Vegetables to plant in July: 10 crops to sow and grow this month

Discover the best vegetables to plant in July, and enjoy Florence fennel, baby carrots, dwarf beans and more

carrot harvests of Purple Haze and Rondo
(Image credit: Anthony Hatley / Alamy)

Deciding on vegetables to plant in July may not feel quite as compelling as deciding on what to harvest at this time of year. We understand that you’ll be wanting to kick back and enjoy the results of your hard labor. However, as you start feasting on early tomatoes, artichokes, cucumbers and even maincrop potatoes, bear in mind that gaps will start emerging on the plot as well as in the greenhouse. So why not make the most of the sunshine to nudge a few quick developers along?

Intercropping or interplanting gives you a chance to partner up cropping plants at this point in the vegetable planting calendar, so small and speedy types can be interspersed with slower-developing crops that are still a few months from full maturity. You’ll find a variety of baby roots and fast-growing salad and leafy crops can be easily planted amongst prospective autumn harvesters. Often this benefits both kinds of crops, as well as making the most of precious growing spaces. Leafy lettuce and spinach flourish nestled alongside larger brassica types like cabbages and cauliflowers, while squash give shelter to mustards, beets and radishes.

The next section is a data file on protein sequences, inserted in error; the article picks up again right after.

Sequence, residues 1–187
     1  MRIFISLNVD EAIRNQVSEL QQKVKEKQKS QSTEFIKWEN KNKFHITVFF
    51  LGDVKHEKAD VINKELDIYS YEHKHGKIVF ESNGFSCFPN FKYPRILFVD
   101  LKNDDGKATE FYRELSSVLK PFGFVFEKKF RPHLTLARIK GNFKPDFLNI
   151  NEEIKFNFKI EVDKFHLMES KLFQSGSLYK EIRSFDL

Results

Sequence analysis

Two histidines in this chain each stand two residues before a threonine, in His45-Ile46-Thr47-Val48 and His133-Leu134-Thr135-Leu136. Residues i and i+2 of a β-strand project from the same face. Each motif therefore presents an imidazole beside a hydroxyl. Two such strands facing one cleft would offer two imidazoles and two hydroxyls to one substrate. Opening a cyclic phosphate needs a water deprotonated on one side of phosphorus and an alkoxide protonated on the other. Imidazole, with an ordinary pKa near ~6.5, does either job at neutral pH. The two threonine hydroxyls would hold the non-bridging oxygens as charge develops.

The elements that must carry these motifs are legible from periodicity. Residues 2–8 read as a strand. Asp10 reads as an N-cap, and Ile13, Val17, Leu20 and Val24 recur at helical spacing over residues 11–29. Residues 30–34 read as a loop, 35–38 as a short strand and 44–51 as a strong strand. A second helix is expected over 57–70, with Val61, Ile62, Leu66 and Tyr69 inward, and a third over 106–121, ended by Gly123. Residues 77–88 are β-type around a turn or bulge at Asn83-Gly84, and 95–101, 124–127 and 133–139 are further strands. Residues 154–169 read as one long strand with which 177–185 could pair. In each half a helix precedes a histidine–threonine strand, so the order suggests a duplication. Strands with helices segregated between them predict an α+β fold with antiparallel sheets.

As longer summer days begin inching back towards the autumn equinox, there is still potential for droughts – so just keep an eye on watering with any crops you plant in the ground, and consider incorporating a little partial shade into the plot with coverings that can protect tender veg from the harsh rays of the noon-day sun. Then just follow our guide to some of the most vibrant and reliable crops to kickstart now. 

10 vegetables to plant in July for months of tasty harvests

Our guide to the best vegetables to plant in July will show you how to quickly turn around some of the tastiest traditional upstarts such as baby carrots and make final sowings of beans and peas to enjoy in the fall. 

Sow fennel direct now as there is less chance of crops bolting, and make the most of any spots under glass for starting off lettuce. Don’t forget to take advantage of the combination of warm days and nourished soil to plant some Chinese cabbage (pak choi) to add a touch of the exotic to your late season feasts.

1. Dwarf French beans

Mistik French beans freshly harvested

Dwarf French Beans such as ‘Mistik’ from Suttons are great for pots and window boxes

(Image credit: Suttons)

Legumes are often some of the first plantings we make in the gardening calendar, so it may seem odd to be suggesting that they are some of the best vegetables to plant in July. But for those who couldn’t wait until summer to grow French beans, it’s worth bearing in mind that any harvests from dwarf varieties only last for a few weeks – so if you are banking on beans well into the fall, it’s worth bulking up your reserves with some final sowings. If you also grow runner beans you are sure to appreciate the backup, since French beans tend to be more reliable.